“We’ve always had problems with every regime we’ve worked under,” says Holmstrom. “As much as we were initially offended that we got dropped, after a couple of weeks we suddenly realised, like, we’d really been trying to get off Capitol for years.”

“It was just like, ‘Woohoo, we’re free!”

Released through their new in-house label, Beat the World Records, Earth to the Dandy Warhols sees the Dandys’ – the same band that, a few years ago, you might have thought too precious to do their own dirty work – have returned to their small-scale, indie roots.

Filled with the kind of jangling guitar hooks, sun-hazed synths and frivolous vocal smarts that has become their signature, the record is classic Dandys all the way. The clunking electro-beats, synth lines and robo-vocals of ‘Mission Control’, the funked-up sass of ‘Welcome to the Third World’ and the pseudo-country swagger of ‘The Legend of the Last Outlaw Truckers’ each offer a brilliantly tangential take on the Dandys sound.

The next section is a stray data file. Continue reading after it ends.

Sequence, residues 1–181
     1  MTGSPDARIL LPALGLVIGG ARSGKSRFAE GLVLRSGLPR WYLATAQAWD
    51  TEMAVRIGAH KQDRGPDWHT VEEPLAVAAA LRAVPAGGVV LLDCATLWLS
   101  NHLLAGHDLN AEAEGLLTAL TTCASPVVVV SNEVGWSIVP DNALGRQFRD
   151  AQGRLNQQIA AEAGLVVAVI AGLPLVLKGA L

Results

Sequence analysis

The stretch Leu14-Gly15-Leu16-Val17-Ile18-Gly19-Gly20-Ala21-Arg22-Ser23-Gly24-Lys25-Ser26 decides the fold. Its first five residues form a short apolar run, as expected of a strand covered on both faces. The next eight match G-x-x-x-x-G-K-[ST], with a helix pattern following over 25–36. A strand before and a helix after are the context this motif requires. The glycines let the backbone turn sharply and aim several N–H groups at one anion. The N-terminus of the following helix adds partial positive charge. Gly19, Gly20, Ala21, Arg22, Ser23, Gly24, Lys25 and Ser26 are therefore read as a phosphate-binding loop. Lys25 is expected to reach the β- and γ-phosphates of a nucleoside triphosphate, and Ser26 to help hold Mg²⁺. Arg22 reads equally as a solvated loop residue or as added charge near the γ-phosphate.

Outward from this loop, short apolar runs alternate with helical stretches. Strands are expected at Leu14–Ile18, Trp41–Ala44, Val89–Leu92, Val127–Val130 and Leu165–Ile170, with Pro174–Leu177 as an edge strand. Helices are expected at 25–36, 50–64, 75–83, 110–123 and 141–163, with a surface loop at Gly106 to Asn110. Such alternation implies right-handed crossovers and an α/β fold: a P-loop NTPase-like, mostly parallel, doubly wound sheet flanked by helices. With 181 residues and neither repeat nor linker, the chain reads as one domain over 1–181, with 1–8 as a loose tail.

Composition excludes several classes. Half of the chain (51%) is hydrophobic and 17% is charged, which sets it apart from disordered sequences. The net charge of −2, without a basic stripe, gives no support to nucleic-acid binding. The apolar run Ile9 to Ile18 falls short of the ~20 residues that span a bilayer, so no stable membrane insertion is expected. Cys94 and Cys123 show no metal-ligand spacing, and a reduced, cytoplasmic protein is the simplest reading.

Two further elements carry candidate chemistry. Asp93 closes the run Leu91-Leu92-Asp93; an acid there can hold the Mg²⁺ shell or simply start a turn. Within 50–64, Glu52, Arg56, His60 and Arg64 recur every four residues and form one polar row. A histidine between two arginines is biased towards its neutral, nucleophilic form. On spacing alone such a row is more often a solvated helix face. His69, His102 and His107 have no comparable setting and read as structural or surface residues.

As Holmstrom explains, Earth to the Dandy Warhols’ diversity hails from its sheer breadth. “It was kind of like cleaning house in a way,” he says. “We’ve had a bunch of ideas – partial songs or complete songs – that have been floating around since the beginning, which we’ve never used for whatever reason.”

“So we just started playing those and working them out, then Courtney and I both brought in a couple of other ones… All of a sudden, we had a full record.”

But even with their first in-house release ready to float into orbit, the Dandys aren’t about to perform any moonwalks yet.

“I’ve been losing a lot of sleep over this whole label thing,” he sighs, laughing. “I really didn’t know if we could pull it off.”

“But you know what? I think we’re going to do it,” he pauses. “You got sent a copy of our record, right? So things are looking good!”

by Dan Rule

Earth to Dandy Warhols is out through Etch’n’Sketch/Inertia